Tuesday, February 15, 2011

Inspiration -- Cheryl Renee Herbsman

When I first started writing Breathing, I knew one of the elements I really wanted to work on was Voice. I didn't feel like I quite understood what the term meant until an editor (Ari Lewin) spoke at an SCBWI conference and read the first few pages of what was then a yet-to-be-released copy of a chapter book called Clementine by Sara Pennypacker.

This wasn't a book I would have ever picked up. I was writing YA. What did I care about a little kid book? But as soon as she read those opening pages, I got it. For the first time, I knew what voice meant. Because Sara Pennypacker does an amazing job of putting the reader right inside the mind of this unique, quirky, and engaging kid called Clementine. That's not to say that "getting it" suddenly makes "doing it" easy. But suddenly, I felt inspired! I knew what I was looking for -- a voice of a character who felt like a real live person to me.

So when the voice of Savannah started to speak inside my head during a writing exercise one night, I had a feeling she might have a story to tell. Then, it became my job to GET OUT OF THE WAY and let her tell her story. Sometimes I did. Other times I tried to hold the reins and the voice wouldn't come out quite right. Then I'd stop, read a few pages of Clementine to remind myself how important it was to let Savannah do the talking. And then -- whoosh -- I'd be right back in the story with Savannah yakking away in my head.

My goal was to write a novel in a voice that felt real and alive, about a character who seemed unique, quirky, and engaging. Hopefully, that's what Breathing turned out to be. It got me my first book deal -- a dream come true!

And sometimes I wonder if this story would've ever been written if I hadn't gone to that conference or met Pennypacker's Clementine. Kind of a scary thought. But I use that concern to stay open to learning new elements of craft and to taking in all forms of inspiration.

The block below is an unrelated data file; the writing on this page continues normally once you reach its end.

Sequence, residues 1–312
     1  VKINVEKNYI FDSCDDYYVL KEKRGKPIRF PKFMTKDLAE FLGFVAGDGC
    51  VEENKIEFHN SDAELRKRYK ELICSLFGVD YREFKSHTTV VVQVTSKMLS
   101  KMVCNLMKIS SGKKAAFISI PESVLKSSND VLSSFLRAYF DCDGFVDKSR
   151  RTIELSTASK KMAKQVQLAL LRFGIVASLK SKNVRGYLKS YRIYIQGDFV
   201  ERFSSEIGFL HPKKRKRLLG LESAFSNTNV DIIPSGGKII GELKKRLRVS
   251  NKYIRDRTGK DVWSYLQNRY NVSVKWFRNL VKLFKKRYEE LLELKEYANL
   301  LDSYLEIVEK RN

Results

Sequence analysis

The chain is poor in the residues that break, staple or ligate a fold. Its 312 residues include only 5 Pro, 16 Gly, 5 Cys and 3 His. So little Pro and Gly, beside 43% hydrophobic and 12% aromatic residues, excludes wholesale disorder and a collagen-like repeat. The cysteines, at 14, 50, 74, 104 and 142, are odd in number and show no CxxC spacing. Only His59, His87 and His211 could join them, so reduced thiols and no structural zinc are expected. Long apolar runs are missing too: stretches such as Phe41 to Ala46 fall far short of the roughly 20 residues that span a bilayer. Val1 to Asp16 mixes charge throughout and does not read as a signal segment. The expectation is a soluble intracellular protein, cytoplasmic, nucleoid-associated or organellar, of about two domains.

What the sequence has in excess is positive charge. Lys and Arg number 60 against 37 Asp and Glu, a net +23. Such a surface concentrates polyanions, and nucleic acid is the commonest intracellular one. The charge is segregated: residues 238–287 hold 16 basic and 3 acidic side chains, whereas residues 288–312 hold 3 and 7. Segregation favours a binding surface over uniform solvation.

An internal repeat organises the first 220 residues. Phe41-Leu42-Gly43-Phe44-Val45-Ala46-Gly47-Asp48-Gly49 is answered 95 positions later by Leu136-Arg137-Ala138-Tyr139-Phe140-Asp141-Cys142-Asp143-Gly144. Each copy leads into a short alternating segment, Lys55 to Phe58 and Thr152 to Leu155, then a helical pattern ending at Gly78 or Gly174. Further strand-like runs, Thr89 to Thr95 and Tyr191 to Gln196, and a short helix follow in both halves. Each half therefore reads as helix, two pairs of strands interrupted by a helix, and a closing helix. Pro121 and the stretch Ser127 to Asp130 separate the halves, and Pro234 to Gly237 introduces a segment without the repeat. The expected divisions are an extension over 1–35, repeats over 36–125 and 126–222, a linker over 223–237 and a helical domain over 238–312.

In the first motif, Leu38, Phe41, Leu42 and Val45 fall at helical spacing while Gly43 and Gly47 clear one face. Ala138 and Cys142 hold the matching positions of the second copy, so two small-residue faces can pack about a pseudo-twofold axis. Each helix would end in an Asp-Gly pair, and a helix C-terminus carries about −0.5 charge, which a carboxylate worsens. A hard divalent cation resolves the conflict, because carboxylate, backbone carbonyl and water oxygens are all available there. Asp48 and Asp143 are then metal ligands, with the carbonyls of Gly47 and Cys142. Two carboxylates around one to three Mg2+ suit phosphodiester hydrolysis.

Look around. Keep your eyes and ears open. You never know where inspiration might be lurking. It might be in a movie or song or in a book in your genre or it might come from somewhere surprising :)


  1. This is a wonderful post! I haven't read Clementine, but I might add it to my to-read list for a little inspiration. Thank you for sharing!

    Quitting My Day Job

  2. I LOVE Clementine! I have read her story to boys and girls and EVERYONE loves her! I had not considered it as a tool for teaching voice though. Thanks for the heads up!

  3. Thanks for your comments! Clementine is my hero :)

  4. Great post, Cheryl. Thanks for the reminder to stay open to finding inspiration in unlikely places! :)

  5. Voice is such a tricky thing, but the uh huh moment is such a gift!!

  6. Awesome post, Cheryl. My characters talk to me all the time and I find when I put their words on paper rather than my interpretation, I tell a more compelling story!! Keep listening to those voices!!

  7. I love this, you've so perfectly summarized why I love certain books. Another great "kids" book that I fell in love with when my daughter started reading was the Junie B. Jones series. That girl has a voice that just could never belong to anyone else. It makes her absolutely jump off the page and become a real person.

  8. Love the phrase "get out of the way" when it comes to finding a character's voice. So true...